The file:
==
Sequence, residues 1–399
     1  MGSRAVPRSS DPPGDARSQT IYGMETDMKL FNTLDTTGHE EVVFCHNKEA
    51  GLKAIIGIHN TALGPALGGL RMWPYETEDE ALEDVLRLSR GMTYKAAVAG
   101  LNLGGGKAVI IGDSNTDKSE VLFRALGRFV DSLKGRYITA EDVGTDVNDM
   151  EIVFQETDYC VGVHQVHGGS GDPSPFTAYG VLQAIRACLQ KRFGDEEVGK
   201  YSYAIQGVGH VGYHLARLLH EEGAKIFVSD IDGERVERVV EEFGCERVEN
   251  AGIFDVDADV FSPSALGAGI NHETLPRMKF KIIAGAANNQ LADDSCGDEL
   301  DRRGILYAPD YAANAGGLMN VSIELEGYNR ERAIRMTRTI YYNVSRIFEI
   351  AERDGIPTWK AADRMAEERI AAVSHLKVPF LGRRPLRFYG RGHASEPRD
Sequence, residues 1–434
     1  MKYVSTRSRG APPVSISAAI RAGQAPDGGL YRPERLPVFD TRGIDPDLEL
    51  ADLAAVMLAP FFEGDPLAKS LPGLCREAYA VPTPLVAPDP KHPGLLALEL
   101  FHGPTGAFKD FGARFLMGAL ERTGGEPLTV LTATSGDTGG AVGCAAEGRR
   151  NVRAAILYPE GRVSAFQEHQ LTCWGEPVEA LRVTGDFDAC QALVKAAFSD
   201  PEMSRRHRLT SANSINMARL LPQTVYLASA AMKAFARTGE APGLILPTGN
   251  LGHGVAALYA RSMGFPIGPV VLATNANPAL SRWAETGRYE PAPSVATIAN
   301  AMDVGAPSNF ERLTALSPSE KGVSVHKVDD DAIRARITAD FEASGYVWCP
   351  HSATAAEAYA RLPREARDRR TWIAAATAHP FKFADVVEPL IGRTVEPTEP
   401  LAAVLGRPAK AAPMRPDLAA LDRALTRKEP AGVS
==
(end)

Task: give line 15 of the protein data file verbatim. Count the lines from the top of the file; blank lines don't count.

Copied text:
   201  PEMSRRHRLT SANSINMARL LPQTVYLASA AMKAFARTGE APGLILPTGN